When our partners finish their first grants, we complete extensive Multi-Year Planning. We look at the next five years of the partnership and talk through their long-term goals. We find out what technologies a partner like GOAL may be hoping to implement, what adjustments they may be looking to make to sanitation and hygiene programming, what PPIA is needed, or what new challenges they foresee. The Spring helps to make this process possible. It empowers a high-level, overarching conversation around how they can use their funding the most effectively, how we can support them the most effectively, and how we can collectively bring clean water to more people.
You’re the reason why we can plan to still be working alongside our partners in 5, 10, or even 15 years!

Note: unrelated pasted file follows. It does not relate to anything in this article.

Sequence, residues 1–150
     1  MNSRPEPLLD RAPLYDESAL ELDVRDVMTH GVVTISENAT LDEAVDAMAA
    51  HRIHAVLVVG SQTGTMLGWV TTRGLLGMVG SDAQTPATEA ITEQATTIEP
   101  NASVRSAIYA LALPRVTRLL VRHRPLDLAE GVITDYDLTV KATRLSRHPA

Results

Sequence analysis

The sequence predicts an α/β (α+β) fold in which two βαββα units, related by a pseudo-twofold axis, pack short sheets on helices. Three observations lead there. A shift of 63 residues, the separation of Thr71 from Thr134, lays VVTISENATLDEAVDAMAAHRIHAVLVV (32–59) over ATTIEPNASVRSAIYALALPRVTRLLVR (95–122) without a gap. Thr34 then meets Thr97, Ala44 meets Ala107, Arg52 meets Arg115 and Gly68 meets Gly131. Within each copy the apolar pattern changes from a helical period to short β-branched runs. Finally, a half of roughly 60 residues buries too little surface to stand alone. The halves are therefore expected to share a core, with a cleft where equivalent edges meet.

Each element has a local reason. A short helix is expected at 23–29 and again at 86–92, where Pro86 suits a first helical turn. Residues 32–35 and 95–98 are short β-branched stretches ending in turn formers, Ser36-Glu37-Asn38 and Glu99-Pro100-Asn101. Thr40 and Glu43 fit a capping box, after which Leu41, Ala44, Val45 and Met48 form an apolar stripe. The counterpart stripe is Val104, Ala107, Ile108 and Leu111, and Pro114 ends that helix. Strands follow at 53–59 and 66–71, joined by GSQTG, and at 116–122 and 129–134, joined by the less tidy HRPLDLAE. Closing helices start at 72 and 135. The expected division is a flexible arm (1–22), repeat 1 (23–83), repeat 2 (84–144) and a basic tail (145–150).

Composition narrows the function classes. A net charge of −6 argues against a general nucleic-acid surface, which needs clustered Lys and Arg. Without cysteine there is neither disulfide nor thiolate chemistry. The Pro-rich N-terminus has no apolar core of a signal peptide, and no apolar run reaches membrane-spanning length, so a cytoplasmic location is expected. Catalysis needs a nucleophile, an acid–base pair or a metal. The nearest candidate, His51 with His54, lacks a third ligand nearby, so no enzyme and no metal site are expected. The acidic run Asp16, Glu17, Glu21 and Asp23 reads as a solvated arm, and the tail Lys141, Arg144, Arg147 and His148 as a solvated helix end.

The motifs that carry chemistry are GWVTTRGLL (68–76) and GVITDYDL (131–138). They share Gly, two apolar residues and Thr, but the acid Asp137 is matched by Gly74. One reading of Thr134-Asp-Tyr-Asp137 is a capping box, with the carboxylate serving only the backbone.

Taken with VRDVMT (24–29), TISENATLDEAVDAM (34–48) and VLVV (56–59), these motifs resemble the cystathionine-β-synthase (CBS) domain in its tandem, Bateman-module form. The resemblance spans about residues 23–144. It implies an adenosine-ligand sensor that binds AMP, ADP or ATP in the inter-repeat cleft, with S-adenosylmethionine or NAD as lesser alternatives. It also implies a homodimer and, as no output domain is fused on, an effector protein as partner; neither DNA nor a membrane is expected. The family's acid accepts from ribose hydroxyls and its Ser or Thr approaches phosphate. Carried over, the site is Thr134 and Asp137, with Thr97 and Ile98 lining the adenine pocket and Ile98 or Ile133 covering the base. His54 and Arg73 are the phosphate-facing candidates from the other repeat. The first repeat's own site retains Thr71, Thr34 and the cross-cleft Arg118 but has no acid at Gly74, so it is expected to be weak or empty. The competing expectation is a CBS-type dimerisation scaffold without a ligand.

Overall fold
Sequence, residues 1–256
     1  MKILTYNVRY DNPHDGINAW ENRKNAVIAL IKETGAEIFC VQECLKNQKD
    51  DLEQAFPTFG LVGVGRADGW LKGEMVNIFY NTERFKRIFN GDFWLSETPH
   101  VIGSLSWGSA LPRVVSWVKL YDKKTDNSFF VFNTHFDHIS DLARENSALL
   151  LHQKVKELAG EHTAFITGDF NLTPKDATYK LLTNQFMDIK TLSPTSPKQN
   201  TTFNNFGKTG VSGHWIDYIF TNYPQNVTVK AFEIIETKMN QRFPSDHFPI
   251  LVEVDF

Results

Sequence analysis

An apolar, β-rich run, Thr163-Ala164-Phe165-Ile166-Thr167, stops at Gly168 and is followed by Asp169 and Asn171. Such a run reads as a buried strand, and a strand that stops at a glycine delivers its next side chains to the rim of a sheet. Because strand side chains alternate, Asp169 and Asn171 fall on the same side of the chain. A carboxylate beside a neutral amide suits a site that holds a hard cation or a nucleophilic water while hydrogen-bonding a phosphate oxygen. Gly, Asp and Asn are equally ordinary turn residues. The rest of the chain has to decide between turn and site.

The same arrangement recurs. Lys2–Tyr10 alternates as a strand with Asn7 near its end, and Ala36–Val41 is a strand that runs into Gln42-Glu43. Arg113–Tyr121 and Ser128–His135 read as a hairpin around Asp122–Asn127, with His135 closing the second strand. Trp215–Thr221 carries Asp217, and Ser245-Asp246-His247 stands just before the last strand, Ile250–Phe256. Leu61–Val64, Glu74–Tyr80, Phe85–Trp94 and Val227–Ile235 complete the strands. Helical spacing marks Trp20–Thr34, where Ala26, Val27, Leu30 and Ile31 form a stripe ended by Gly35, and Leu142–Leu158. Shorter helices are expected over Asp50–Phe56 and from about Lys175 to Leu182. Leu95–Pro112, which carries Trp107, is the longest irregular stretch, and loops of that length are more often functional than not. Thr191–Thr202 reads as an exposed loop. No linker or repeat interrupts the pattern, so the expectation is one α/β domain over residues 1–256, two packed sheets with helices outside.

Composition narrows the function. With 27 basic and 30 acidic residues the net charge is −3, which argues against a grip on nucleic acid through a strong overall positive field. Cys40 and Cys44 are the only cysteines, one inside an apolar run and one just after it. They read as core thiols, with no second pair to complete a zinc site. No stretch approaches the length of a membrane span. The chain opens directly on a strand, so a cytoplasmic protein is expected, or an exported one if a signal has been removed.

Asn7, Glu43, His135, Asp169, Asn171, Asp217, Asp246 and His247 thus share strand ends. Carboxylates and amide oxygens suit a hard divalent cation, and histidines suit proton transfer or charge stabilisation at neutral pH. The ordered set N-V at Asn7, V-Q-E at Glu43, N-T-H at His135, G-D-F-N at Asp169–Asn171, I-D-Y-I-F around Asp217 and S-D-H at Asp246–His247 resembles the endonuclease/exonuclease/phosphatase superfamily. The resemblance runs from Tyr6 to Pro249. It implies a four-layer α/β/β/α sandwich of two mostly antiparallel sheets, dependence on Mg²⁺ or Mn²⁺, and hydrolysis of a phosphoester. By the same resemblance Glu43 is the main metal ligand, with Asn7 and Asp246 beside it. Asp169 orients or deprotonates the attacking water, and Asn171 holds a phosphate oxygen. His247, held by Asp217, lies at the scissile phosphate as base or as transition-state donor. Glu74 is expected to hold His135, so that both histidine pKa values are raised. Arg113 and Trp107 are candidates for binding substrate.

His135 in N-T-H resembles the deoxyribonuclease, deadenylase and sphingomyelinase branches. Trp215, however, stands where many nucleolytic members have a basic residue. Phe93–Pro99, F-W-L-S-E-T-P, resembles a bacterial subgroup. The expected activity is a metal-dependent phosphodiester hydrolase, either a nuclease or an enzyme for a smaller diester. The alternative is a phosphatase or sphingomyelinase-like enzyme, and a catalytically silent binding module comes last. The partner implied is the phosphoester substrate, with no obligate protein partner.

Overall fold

If you could describe Sierra Leone in one word, what would it be?
Multifaceted. I work with 5 different partners in Sierra Leone, and they’re each completely different.
If you could describe GOAL in one word, what would it be?
Fun! I genuinely enjoy them as humans. But I want to honor their hard work because they’re also incredibly competent. They’re great at their jobs. They’re enthusiastic and passionate about their work and helping others. So, if I can break a rule here, I would pick two words: Fun and Expert.
Thank you so much for your time today, Megan! I think The Spring will really enjoy your responses and be surprised by the complexity of our work. I hope you have a great rest of your day!
Thanks, Mercy! You too.